A 38-year-old man developed traumatic bone exposure with a soft tissue defect after suffering an open tibia and fibula fracture. After debridement of the necrotic tissue, a peroneal artery perforator flap measuring 15 cm × 3 cm was raised from the same leg and transferred to the defect. The donor site was closed. Postoperatively, the distal part of the flap showed partial necrosis and was treated with dressing changes. Fortunately, the flap survived, and the patient was satisfied with the appearance (Fig. 2).
Fig. 2

a, b A defect with exposed fracture in the distal of lower limb. c Raising the peroneal artery perforator flap. d Early postoperative view. e Appearance 10 days after operation. f Follow-up at 12 months

Case 20

A 46-year-old man had a traumatic soft tissue loss of the lower leg with exposure of the bone. To restore function, a peroneal artery perforator flap measuring 18 cm × 4 cm was harvested and transferred to the defect. The donor site was closed, and the transferred tissues survived completely (Fig. 3).
Fig. 3

a A defect with exposed fracture in the distal of lower limb. b Dissected the peronal artery perforator flap. c Elevating the peronal artery perforator flap. d Early postoperative view. e Appearance 7 days after operation

Results

From May 1997 to September 2015, 55 peroneal artery perforator flaps were performed in patients with chronic lower extremity wounds. The details of all patients are presented in Table 1. The average operating time was 132 min, and the flaps ranged in size from 1.5 to 260 cm2. All 55 flaps survived. In two cases, small superficial necrosis occurred, one of which healed with conservative treatment and the other reconstructed with STSG. Partial necrosis was observed in eight cases, six of which were covered with STSG and the remaining two directly sutured after debridement. Vascular compromise was only observed in one patient and was salvaged by performing an exploratory procedure and releasing a few sutures. In one patient, the ultra-thin flap procedure was performed at 6 months postoperatively due to a bulky appearance. No complications were seen in the remaining 43 cases. The length of hospital stay ranged from 7 to 80 days (average of 33.36 days). Follow-up ranged from 7 to 45 months, with an average of 25.9 months. Ultimately, all patients were satisfied with the functional results and could walk comfortably.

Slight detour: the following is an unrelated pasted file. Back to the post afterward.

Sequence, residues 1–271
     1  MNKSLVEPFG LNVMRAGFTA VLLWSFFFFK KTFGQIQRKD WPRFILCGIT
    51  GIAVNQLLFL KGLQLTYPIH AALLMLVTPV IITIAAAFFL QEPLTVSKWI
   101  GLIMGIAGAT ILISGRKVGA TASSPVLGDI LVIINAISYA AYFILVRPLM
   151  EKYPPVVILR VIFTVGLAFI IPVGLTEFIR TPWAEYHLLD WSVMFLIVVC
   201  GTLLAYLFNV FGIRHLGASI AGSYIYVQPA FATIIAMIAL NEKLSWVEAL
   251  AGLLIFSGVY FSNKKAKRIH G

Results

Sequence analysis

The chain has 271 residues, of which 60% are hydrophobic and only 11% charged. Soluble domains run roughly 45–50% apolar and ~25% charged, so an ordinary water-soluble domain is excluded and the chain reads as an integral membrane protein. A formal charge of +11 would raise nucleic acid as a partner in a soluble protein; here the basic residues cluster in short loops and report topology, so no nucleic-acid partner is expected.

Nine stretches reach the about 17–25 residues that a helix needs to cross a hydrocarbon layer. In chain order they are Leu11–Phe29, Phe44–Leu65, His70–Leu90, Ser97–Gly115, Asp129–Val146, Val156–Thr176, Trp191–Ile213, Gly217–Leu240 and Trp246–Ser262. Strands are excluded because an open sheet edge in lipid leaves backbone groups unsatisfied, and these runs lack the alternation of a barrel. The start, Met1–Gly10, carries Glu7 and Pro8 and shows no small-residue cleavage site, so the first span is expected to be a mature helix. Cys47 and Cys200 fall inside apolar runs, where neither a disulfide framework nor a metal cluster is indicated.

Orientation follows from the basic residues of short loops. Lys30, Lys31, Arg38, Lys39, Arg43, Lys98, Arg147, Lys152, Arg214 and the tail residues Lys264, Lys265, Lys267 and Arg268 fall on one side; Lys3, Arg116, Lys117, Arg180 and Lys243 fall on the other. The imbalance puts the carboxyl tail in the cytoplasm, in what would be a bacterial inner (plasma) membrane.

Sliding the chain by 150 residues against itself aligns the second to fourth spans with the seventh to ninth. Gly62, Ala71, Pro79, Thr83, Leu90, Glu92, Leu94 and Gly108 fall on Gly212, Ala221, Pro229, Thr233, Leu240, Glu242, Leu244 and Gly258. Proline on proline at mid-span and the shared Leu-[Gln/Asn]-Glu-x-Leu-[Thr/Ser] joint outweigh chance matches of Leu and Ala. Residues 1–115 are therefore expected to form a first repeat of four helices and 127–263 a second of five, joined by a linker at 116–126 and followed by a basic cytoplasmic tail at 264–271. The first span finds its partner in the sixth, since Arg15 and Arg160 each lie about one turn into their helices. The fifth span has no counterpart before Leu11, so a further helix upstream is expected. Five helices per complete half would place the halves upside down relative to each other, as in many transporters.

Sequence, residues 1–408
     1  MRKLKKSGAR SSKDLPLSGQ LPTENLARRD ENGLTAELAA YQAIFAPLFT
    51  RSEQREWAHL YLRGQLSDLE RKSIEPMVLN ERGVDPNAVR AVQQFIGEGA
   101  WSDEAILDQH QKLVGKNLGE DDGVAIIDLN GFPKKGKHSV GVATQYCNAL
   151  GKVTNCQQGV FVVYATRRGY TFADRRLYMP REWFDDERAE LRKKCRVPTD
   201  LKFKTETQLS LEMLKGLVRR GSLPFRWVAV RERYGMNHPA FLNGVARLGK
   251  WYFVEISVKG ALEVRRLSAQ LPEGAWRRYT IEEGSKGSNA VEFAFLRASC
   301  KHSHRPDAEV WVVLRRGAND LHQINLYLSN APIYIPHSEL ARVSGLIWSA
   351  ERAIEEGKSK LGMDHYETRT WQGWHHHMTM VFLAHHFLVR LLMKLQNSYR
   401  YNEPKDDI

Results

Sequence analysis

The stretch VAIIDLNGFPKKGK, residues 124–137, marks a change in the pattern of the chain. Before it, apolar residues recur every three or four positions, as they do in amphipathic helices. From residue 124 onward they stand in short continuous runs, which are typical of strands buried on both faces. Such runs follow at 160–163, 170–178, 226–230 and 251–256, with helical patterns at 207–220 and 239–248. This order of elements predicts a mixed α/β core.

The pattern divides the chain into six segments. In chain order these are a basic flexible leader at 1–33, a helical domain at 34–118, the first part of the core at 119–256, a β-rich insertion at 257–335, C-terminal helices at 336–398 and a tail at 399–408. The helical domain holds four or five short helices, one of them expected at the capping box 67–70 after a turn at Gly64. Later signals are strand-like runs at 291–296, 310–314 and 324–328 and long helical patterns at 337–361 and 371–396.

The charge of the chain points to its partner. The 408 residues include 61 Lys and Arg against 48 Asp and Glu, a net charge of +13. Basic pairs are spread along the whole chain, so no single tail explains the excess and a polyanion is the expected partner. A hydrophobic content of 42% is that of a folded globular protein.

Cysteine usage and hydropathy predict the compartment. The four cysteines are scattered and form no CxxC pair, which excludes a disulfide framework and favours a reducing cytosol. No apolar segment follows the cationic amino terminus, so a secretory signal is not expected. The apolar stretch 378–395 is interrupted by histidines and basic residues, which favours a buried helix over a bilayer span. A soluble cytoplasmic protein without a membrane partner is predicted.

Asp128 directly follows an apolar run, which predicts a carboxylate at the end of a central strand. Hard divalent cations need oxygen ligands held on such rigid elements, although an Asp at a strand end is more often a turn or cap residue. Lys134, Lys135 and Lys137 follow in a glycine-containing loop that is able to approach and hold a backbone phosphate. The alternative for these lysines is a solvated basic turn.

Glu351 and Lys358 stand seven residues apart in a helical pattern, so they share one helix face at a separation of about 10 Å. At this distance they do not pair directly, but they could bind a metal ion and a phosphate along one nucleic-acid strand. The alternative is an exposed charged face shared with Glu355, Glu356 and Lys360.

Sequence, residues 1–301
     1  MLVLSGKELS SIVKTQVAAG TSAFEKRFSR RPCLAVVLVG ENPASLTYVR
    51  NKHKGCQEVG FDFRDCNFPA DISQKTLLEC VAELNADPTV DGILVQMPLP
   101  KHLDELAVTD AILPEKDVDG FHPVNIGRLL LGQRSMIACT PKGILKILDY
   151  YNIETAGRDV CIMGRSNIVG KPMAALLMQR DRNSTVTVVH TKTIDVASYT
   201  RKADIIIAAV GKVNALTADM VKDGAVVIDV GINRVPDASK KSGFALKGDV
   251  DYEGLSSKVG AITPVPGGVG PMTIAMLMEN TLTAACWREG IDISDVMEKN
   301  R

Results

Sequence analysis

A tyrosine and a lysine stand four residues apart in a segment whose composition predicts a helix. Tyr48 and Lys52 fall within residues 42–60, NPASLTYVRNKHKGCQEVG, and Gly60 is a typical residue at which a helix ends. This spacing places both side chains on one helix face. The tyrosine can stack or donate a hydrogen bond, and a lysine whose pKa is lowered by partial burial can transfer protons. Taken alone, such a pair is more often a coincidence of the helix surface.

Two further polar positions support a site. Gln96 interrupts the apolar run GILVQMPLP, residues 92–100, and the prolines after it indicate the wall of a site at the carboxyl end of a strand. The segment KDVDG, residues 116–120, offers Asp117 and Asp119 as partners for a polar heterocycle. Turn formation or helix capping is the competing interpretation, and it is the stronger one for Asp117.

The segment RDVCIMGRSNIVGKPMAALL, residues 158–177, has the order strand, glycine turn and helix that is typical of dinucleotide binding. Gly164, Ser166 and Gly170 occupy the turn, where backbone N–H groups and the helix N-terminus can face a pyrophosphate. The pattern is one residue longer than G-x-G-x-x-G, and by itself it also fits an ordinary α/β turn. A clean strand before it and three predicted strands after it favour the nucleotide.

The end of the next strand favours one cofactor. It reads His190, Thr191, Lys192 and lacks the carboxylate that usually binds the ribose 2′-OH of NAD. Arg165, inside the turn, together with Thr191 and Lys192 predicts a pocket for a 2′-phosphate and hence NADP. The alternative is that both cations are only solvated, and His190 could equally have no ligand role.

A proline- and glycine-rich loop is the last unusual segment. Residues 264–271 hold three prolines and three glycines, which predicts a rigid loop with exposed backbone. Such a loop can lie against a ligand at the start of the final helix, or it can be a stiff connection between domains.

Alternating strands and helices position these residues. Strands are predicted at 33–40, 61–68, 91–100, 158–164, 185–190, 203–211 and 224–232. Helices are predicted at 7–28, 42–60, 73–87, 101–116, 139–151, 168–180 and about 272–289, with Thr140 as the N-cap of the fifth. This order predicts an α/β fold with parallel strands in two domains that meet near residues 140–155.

Table 1

Data of the patients

Patient No.

Age/gender

Etiology

Size of defect (cm)

Comorbidities

Dimension of flap (cm)

Complication

Secondary procedure

Follow-up (months)

1

76/M

OFSI

6 × 4

HTN

4.5 × 2

None

None

18

2

67/M

ATRSI

4 × 6

Arteriopathy

4 × 6.5

None

None

13

3

7/M

OFSI

4 × 5

None

4 × 5

None

None

10

4

50/F

Open fracture

20 × 4

HTN

20 × 7

None

None

7

5

44/F

Skin ulcer

6 × 6

DM

5 × 5

None

None

20

6

54/M

Open fracture

8 × 6

DM/arteriopathy

8 × 6

Partial necrosis

Debridement, suture

19

7

50/M

OFSI

4 × 3

None

4 × 3

None

None

12

8

47/M

OFSI

14 × 8

None

14 × 8

Bulky appearance

Ultra-thin flap procedure

23

9

69/F

Osteomyelitis

12 × 8

DM

13 × 8

Partial necrosis

STSG

14

10

59/M

Crush-injured

10 × 5.5

None

10 × 6

None

None

28

11

23/M

Open fracture

20 × 10

None

20 × 13

None

None

27

12

51/M

Tumble

10 × 10

None

9 × 8

None

None

33

13

67/F

Foot mass with secondary infection

3 × 5

Arteriopathy

5.5 × 3.5

None

None

31

14

28/M

Crush-injured

3 × 4

None

3 × 4

Vascular compromise

Exploratory procedure, releasing of a few sutures

45

15

38/M

OFSI

6 × 2

None

15 × 3

None

None

19

16

55/M

OFSI

6 × 5

None

6 × 5

None

None

25

17

51/M

Open fracture

11 × 4

None

12 × 6

None

None

9

18

48/M

OFSI

8 × 10

None

12 × 9

None

None

22

19

63/M

OFSI

15 × 7

DM

15 × 8

None

None

37

20

36/M

OFSI

15 × 8

None

12 × 6

None